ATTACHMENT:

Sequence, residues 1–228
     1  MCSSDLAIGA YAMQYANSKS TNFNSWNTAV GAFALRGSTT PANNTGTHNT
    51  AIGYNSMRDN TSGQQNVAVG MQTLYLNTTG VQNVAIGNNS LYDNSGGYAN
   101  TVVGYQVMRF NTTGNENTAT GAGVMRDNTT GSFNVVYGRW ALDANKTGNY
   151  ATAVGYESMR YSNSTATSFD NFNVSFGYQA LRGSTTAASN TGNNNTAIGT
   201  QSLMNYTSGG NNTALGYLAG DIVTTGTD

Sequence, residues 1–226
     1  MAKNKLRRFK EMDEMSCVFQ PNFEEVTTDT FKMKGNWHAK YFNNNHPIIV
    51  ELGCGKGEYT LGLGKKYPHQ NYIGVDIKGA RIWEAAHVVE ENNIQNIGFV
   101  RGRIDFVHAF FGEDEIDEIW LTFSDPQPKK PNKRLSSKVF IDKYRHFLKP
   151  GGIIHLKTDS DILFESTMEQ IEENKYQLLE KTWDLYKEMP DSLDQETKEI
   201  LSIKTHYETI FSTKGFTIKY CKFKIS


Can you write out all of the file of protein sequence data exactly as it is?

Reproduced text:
Sequence, residues 1–228
     1  MCSSDLAIGA YAMQYANSKS TNFNSWNTAV GAFALRGSTT PANNTGTHNT
    51  AIGYNSMRDN TSGQQNVAVG MQTLYLNTTG VQNVAIGNNS LYDNSGGYAN
   101  TVVGYQVMRF NTTGNENTAT GAGVMRDNTT GSFNVVYGRW ALDANKTGNY
   151  ATAVGYESMR YSNSTATSFD NFNVSFGYQA LRGSTTAASN TGNNNTAIGT
   201  QSLMNYTSGG NNTALGYLAG DIVTTGTD

Sequence, residues 1–226
     1  MAKNKLRRFK EMDEMSCVFQ PNFEEVTTDT FKMKGNWHAK YFNNNHPIIV
    51  ELGCGKGEYT LGLGKKYPHQ NYIGVDIKGA RIWEAAHVVE ENNIQNIGFV
   101  RGRIDFVHAF FGEDEIDEIW LTFSDPQPKK PNKRLSSKVF IDKYRHFLKP
   151  GGIIHLKTDS DILFESTMEQ IEENKYQLLE KTWDLYKEMP DSLDQETKEI
   201  LSIKTHYETI FSTKGFTIKY CKFKIS